Should Penn State be spending $10 million on a spiffy new Beaver Stadium scoreboard in the midst of costly NCAA sanctions and while continuing to raise tuition for its students?
We question the decision to install a new scoreboard, approved at last week’s board of trustees meetings, where we also learned that Penn State would appease the State College community by spending another $10 million to shift a controversial natural gas pipeline onto campus, while costs tied to the Jerry Sandusky abuse scandal reached nearly $47 million.
We wonder what the scoreboard decision says about the school’s priorities, despite the fact that $10 million is perhaps the equivalent of pocket change for a university that just approved a $4.42 billion 2013-14 budget. Of course, Penn State will borrow money from itself to pay for the project.
The new scoreboard will replace one that was installed during a Beaver Stadium upgrade in 2000. It will allow Penn State to have its logo displayed to those looking on from outside the stadium, much like the University of Michigan’s “M” at Michigan Stadium.
That is apparently a really important feature when a school is working to overcome the stigma of child abuse.
Ford Stryker, Penn State’s vice president for the physical plant, told the trustees the scoreboard to be replaced is like “a TV set that old — it doesn’t work so well.” The new stadium feature will bring enhanced high-definition video and improved sound.
We’re surprised Penn State thought this was the right time to take an expensive step toward enhancing its athletics brand, the stated goal with the scoreboard, given criticism hurled at the university during the Sandusky scandal. From the attorney general’s office to the Freeh report to the NCAA, Penn State was scolded for allowing protection of an athletics brand to become a higher priority than protecting vulnerable children.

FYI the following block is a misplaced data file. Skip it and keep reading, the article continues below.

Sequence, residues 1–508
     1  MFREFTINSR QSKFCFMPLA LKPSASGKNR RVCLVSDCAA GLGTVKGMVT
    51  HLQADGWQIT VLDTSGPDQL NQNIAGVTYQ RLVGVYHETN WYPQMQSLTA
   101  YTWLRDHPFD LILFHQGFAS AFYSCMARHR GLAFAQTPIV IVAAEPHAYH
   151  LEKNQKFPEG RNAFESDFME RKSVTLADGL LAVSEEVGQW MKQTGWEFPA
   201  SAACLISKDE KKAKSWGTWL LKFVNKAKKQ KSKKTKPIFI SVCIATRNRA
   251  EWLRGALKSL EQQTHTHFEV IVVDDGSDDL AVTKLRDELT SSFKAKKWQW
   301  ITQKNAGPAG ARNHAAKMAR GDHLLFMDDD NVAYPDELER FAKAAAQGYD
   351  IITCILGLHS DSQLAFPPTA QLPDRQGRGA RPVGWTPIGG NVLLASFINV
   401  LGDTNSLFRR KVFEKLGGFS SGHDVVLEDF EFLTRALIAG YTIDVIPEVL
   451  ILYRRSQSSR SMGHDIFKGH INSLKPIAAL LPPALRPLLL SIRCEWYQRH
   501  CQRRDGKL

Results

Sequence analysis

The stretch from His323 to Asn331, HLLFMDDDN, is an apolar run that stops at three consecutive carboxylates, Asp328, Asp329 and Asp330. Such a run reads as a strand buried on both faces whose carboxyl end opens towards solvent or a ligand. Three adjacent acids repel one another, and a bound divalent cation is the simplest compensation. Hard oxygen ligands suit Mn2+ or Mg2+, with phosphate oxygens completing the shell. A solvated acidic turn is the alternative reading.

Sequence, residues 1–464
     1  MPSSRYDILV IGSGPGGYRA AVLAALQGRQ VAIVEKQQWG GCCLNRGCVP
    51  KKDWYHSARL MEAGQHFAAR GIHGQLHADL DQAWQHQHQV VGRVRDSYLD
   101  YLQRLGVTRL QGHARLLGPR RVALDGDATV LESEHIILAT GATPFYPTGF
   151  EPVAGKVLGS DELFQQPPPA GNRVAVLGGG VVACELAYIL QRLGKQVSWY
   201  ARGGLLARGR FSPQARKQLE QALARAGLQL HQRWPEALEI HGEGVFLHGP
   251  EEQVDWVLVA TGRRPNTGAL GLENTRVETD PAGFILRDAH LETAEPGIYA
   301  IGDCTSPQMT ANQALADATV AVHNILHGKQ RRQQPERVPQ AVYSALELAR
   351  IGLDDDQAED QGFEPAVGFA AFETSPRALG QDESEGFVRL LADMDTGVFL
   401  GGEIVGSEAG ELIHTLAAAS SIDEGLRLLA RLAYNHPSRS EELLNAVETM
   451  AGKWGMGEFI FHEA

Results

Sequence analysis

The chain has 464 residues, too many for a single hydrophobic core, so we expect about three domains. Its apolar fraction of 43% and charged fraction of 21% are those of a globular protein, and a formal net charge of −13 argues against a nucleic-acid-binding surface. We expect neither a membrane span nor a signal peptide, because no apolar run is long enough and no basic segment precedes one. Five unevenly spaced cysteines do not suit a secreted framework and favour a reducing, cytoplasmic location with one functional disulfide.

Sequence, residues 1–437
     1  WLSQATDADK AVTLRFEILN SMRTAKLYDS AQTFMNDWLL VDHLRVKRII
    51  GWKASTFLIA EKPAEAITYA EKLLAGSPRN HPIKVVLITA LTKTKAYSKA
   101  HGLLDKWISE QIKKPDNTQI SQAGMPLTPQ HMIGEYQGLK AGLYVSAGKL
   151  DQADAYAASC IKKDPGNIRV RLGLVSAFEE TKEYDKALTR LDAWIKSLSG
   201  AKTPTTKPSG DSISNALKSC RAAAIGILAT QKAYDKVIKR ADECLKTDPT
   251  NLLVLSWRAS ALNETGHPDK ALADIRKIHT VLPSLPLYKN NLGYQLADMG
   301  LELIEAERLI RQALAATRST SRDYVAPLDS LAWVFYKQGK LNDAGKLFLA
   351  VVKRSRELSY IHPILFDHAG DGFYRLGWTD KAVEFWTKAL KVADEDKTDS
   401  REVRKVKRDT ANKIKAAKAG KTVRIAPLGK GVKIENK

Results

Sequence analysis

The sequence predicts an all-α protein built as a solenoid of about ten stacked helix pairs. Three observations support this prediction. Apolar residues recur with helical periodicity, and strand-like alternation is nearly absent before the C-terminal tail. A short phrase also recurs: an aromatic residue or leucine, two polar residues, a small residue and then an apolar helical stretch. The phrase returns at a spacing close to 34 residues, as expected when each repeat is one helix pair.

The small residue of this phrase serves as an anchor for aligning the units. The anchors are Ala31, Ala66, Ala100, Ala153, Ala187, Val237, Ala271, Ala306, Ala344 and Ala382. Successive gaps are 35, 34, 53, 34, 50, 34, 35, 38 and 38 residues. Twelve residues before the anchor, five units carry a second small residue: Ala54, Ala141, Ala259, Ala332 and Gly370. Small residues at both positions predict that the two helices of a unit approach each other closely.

Those same trustees meetings approved yet-another tuition hike — this one nearly 4 percent for students at University Park — helping Penn State keep pace with in-state rival Pitt as the most expensive public colleges in the nation. Penn State’s freshmen and sophomores will pay more than $8,000 per semester at the main campus this fall.
We struggle to justify that decision on the heels of an announcement that donors are giving at higher levels, despite the turmoil Penn State has endured. The university recently announced that its current campaign received $263.5 million in donations and pledges this year, thanks to more than 193,000 contributors including alumni, faculty, staff, corporations and other sources.
“Most universities would just love to have that kind of broad-based support,” said Rod Kirsch, the university’s senior vice president for development.
Penn State has hit $1.85 billion on the way to $2 billion in this latest fundraising effort — ironically dubbed “For the Future: The Campaign for Penn State Students.”
Kirsch said the campaign has put $400 million toward student scholarships.
That’s nice, but we would like to see Penn State do more to bring down costs for all students.
That might require a shift in focus for the board of trustees, which has welcomed several new members but which has lost sight of its most important task: the management of costs and academic offerings for the 42,000 students at University Park and 90,000 across the system.
There is much more to be done beyond complaining about the Freeh findings, the NCAA sanctions and perceived unfair decisions concerning the late Joe Paterno.
Penn State is paying a $60 million fine tied to the NCAA and will also pay upwards of $60 million in settlements with Sandusky’s victims. Overall, costs related to the scandal are expected to surpass $150 million, as Penn State pays off its lawyers and public relations firms.
But that doesn’t mean it’s no big deal to spend another $10 million on a new scoreboard at Beaver Stadium.
The university and its board must find ways to reduce the burden on the kids and their families making those rising tuition payments, without whom scoreboards and other luxuries would not exist.
Such a shift in focus would represent a true campaign for Penn State students.